Contrary to what this court is saying a demand for injunction (as one would do under authority of a valid warranty deed) is NOT a lawsuit to enforce the rescission. The rescission is already in force. And the note and mortgage no longer exist. A Lawsuit to enforce the rescission would ONLY be a lawsuit that seeks to enforce the statutory duties during the time allowed by the statute of limitations in TILA which everyone agrees does not apply.

Ultimately the statute says that regardless of ANY defense a claimed creditor might have (including limitations which is an affirmative defense) the rescission is effective when delivered (mailed under USPS). Even the three years can only be raised by a party with standing and who can prove it WIThout reference to the note or mortgage. Real facts showing they paid for the debt . Those facts don’t exist and most people know it. But because of the “free house” myth they continue to flout the law and legislature from the bench.

But this case almost gets me over the hump where I can say “I told you so.”

Here are some notable quotes from this very important decision.

If a creditor fails to make required disclosures under the Truth in Lending Act (TILA), borrowers are allowed three years from the loan’s consummation date to rescind certain loans.1 15 U.S.C. § 1635(f). Borrowers may effect that rescission simply by notifying the creditor of their intent to rescind within the three-year period. Jesinoski v. Countrywide Home Loans, 135 S. Ct. 790, 792 (2015). TILA does not include a statute of limitations outlining when an action to enforce such a rescission must be brought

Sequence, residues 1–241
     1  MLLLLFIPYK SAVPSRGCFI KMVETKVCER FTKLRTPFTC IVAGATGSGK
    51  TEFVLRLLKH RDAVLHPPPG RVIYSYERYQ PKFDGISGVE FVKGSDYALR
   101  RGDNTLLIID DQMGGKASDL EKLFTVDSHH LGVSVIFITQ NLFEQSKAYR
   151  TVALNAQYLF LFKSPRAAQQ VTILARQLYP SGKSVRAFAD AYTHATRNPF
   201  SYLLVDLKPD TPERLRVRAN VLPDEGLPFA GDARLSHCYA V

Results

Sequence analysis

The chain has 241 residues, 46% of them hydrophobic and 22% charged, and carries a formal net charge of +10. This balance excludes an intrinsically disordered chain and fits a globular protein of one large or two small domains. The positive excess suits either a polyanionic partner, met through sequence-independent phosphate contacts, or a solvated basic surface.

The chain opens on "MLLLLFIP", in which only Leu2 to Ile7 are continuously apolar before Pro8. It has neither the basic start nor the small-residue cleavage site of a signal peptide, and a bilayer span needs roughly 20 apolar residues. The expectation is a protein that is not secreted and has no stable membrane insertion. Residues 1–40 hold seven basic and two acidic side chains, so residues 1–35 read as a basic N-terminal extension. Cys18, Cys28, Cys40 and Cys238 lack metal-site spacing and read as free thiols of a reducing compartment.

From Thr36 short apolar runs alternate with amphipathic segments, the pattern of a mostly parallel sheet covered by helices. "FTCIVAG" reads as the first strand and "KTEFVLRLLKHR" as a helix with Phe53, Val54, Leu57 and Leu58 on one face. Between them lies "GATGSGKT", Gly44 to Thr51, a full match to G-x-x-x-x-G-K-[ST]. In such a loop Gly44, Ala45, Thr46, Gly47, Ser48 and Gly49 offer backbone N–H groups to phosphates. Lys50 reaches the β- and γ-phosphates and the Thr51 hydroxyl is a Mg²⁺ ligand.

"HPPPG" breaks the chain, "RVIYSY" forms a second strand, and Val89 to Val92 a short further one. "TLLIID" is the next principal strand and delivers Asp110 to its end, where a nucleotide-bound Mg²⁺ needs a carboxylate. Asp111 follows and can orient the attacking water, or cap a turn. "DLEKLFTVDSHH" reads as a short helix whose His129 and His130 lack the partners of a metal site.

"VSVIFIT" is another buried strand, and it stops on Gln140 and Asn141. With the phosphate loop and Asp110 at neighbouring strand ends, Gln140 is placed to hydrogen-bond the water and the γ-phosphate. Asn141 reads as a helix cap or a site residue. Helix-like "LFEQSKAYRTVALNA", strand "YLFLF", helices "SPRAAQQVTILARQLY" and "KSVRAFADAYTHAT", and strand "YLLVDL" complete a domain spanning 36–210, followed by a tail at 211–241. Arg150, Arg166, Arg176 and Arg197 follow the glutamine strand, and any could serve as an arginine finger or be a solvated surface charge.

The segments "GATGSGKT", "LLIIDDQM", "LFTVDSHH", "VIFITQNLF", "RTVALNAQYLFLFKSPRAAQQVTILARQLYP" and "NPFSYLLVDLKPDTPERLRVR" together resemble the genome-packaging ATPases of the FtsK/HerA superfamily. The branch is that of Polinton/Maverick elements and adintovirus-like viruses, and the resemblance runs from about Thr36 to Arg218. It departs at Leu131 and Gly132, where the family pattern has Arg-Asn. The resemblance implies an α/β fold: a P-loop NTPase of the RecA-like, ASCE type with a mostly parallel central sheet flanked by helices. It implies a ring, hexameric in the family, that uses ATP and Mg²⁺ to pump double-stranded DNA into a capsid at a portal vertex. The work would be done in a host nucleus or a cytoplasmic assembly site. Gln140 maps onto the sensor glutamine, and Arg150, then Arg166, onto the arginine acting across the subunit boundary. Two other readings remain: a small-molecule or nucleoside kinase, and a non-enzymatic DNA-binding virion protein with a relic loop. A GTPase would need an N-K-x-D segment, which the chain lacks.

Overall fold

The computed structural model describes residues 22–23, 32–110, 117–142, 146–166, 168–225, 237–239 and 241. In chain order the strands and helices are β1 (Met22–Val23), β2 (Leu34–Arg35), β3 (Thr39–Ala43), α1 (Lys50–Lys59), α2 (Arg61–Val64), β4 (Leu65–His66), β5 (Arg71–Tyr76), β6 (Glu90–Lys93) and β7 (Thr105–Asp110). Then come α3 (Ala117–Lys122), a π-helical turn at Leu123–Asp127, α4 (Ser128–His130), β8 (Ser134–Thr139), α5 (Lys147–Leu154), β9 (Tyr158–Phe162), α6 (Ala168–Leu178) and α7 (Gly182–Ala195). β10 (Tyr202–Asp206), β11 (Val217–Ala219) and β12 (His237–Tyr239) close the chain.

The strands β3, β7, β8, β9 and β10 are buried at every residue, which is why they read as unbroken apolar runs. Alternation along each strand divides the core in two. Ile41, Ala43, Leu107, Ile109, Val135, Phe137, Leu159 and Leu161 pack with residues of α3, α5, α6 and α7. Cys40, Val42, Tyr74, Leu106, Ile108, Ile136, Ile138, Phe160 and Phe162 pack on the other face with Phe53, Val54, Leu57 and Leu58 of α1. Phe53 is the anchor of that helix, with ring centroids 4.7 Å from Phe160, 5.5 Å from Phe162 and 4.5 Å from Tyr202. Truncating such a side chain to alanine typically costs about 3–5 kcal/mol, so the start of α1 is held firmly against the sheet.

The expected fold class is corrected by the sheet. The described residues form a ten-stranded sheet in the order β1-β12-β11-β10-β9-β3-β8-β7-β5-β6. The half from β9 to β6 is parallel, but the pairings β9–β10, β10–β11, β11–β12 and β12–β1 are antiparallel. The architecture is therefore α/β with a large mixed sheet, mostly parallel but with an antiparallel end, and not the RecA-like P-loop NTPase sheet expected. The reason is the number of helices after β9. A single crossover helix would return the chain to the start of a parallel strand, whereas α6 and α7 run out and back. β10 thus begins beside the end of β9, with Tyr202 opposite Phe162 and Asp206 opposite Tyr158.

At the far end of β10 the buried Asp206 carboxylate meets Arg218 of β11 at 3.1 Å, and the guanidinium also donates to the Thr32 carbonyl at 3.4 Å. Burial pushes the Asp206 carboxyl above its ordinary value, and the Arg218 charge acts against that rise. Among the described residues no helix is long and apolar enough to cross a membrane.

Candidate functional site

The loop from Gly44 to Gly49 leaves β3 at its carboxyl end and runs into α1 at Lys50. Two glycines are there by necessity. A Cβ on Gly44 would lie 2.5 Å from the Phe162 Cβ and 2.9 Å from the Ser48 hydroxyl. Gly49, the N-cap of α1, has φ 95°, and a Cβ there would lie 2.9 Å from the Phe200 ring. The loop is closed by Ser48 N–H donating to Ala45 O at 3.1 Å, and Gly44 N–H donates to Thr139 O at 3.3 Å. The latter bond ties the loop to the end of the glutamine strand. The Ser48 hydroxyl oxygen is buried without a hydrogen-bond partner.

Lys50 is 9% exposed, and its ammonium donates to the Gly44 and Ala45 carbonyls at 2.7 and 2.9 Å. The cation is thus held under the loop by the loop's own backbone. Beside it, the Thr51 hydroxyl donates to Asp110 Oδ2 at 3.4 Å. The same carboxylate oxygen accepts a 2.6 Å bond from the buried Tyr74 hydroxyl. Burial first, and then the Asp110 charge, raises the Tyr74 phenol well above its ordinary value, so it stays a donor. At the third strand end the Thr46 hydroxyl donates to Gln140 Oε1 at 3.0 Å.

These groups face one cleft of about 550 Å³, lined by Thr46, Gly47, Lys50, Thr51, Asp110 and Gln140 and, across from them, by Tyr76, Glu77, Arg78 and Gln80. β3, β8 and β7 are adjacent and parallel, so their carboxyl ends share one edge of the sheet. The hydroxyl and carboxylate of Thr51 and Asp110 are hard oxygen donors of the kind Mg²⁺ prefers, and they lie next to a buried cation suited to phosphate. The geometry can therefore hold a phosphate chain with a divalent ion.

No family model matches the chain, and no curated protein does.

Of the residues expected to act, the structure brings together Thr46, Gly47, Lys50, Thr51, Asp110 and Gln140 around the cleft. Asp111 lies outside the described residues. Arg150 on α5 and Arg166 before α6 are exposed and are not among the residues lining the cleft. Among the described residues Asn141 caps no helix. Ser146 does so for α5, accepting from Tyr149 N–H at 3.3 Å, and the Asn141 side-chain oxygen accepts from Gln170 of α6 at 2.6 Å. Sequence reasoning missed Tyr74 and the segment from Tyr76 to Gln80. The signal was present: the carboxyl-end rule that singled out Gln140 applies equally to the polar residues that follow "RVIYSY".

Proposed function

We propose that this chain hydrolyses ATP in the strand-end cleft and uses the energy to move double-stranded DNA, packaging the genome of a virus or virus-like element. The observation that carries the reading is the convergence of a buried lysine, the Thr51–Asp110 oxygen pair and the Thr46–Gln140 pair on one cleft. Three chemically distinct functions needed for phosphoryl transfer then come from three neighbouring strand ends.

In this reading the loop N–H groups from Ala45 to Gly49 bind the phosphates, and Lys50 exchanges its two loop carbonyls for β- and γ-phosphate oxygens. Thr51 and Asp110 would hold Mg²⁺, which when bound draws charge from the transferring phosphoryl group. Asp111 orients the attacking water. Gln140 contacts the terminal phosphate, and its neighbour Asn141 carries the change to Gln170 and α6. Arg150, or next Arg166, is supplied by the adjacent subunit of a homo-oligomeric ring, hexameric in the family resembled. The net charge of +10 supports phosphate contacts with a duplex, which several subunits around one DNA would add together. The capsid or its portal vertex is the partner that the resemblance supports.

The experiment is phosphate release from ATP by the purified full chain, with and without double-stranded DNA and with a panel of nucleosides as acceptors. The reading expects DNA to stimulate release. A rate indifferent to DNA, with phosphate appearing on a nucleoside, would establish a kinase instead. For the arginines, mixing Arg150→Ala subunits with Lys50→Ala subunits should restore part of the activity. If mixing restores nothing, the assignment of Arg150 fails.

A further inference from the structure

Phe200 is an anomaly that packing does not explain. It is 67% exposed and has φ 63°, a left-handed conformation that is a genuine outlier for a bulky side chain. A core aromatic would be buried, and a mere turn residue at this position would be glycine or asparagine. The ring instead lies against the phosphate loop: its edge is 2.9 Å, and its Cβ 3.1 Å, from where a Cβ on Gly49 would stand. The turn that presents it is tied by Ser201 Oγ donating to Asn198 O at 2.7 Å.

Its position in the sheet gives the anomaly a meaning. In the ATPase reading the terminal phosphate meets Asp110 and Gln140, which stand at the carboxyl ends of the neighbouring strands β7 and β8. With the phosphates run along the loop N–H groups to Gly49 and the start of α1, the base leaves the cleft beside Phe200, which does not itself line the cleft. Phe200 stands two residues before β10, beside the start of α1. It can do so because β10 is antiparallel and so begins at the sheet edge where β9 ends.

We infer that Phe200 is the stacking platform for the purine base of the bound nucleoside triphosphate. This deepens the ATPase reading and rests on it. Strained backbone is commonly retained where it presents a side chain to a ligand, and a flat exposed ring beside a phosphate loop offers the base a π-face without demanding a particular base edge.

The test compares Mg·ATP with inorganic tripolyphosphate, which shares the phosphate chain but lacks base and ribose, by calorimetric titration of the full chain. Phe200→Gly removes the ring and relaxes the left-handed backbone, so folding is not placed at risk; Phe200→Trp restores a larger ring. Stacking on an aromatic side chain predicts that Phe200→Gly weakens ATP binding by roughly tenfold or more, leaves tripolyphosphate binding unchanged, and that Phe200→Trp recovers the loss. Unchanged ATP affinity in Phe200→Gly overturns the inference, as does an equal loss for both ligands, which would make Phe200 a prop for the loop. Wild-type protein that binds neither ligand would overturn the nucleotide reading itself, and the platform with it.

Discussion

On April 15, 2013 (within the three-year period), Hoang sent the Bank notice of intent to rescind the loan under TILA. The record reflects that the Bank took no action in response to receiving the notice.

Once a borrower rescinds a loan under TILA, the borrower “is not liable for any finance or other charge, and any security interest given by the [borrower] . . . becomes void upon such a rescission.” 15 U.S.C. § 1635(b); see 12 C.F.R. § 226.23(a)(3). Within 20 days after the creditor receives a notice of rescission, the creditor must take steps to wind up the loan. 15 U.S.C. § 1635(b). “Upon the performance of the creditor’s obligations under this section, the [borrower] shall tender the property to the creditor . . . [or] tender its reasonable value.” Id. Once both creditor and borrower have so acted, the loan has been wound up.